I’m doing it again. I’m forsaking all other commitments in favor of writing time.
Okay, not all other commitments. Mostly the blog has gone silent, the floor has gone un-vacuumed, and I’m appearing at fewer events than ever. But it’s the only way to get anything done, and my self-image is closely tied to my ability to get things done!
Contrary to what some suffering artists™ say, writing doesn’t have to be your #1 priority in order to be productive. I saw an eye-roll-worthy essay going around recently from a writer saying he was a bad father when his kids were young, because writers are by necessity also bad fathers. Well, no, not really. You just chose writing over your kids. If that’s your choice, that’s your choice, but own up to it. (And if you decide not to have kids at all and focus on your career, writing or otherwise, good for you, you knew what your priorities were going to be.) (And also, writing moms tend not to get the option to lock themselves in a study and leave baby-rearing to the spouse, so suck it up, dad, the Great American Novel can be written after bedtime.)
Writing doesn’t have to be #1. It just can’t be #10, or even #5. I work weekday mornings. I take care of my baby weekends and weekday afternoons, and I don’t like giving him up to babysitters on my off-time because I’m already gone ~30 hours a week including commute.
But everything after that is a toss-up. If I want time to write, I’ve got to give up something else, and “something else” includes, but is not limited to: keeping up with television shows, going out to happy hour with coworkers, sewing my own costumes, casual arts and crafting, and often: sleep.
(Aside: I’m lucky to be healthy, so I’m not also battling a mental or physical obstacle to writing other than my perpetually poor sleep. I’m aware that everything I’m saying here comes from that perspective.)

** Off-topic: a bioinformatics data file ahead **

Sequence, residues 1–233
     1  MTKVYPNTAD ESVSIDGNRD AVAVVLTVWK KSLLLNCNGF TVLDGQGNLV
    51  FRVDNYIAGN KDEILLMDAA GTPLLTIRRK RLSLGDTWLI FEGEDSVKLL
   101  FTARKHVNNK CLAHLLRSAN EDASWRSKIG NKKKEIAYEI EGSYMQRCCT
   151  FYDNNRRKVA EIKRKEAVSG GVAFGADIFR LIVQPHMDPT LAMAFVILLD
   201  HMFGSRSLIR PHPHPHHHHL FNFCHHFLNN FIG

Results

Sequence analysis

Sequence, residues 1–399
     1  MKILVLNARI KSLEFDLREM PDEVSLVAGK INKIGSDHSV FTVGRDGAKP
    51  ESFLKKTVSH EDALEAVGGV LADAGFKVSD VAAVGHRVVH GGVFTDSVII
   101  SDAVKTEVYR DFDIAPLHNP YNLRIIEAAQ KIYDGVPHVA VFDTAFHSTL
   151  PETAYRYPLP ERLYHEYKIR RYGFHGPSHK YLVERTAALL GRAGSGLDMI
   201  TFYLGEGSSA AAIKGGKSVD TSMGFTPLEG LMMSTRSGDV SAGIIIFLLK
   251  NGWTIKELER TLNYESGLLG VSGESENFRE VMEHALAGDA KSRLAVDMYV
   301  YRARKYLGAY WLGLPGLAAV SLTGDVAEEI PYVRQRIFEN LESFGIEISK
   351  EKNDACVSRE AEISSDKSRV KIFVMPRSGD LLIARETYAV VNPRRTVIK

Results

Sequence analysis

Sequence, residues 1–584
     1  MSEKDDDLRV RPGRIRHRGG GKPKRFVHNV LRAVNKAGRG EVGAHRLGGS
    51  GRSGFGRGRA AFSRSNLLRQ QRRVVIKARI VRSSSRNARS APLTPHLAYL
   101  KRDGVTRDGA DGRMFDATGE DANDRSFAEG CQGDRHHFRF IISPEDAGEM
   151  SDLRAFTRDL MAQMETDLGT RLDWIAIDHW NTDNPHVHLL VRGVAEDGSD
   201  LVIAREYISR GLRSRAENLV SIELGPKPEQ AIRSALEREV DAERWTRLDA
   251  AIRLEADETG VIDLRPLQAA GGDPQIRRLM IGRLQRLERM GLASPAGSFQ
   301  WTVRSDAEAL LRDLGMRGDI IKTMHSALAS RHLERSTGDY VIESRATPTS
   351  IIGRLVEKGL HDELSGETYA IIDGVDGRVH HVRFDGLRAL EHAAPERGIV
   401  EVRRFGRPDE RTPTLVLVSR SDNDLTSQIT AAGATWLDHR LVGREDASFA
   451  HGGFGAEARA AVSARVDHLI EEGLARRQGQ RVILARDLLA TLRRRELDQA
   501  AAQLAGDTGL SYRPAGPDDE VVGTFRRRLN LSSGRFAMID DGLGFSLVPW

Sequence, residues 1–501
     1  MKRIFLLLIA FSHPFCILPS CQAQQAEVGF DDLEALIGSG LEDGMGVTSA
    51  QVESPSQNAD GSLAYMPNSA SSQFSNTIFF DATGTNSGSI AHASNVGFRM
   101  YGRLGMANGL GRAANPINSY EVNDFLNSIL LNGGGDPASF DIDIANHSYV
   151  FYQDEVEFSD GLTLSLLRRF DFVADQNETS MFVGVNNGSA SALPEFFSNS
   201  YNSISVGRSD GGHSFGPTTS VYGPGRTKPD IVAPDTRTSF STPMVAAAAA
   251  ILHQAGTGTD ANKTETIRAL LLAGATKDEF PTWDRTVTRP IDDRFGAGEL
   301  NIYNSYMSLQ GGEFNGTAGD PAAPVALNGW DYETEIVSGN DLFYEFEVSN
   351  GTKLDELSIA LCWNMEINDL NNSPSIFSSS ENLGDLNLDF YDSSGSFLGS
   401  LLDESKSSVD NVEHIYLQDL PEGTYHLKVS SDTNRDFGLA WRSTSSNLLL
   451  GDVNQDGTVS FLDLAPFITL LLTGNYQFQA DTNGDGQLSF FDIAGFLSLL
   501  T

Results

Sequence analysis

If you want more time to write, you meet your adult responsibilities and then give up some other hobby. If you love writing, you won’t even mind very much, because you enjoy writing more than those other things. If writing is an absolute chore, and you constantly procrastinate, and you always choose other activities first, and then sigh and say you just don’t have enough free time…well, I don’t know, maybe reassess what you’re writing for.
All of that said, I know I take things too far. I get fixated on finishing projects, but since writing projects take months I descend into a workaholic craze for months at a time. For example, right now it is 9 a.m. on a Sunday and all I’ve done is make breakfast and tidy up the kitchen and write this blog, and I’m already feeling anxious and unproductive because I didn’t get up an hour before the baby to write. This is DESPITE KNOWING my husband is running around with the baby this afternoon and I’ll have plenty of time then. Because that’s bonus time, which I could have had on top of my morning sprint.
Here is how I fit writing around a job and a baby: write while baby eats, write while baby naps, write a few sentences at a time when baby feels like playing by himself, before he notices I’m on the laptop and runs over to oust me, at which point maybe switch to a notebook and type it in later. I have to keep my current project in mind at all times so that if a 15 minute gap in my schedule appears I can take advantage of it without dawdling the 15 minutes away refreshing my memory with what I did last time.
Anyway, don’t go full Sam. Never go full Sam. Find your work-life-writing balance and embrace it. Just, you know, make sure you’re actually including work and life and writing.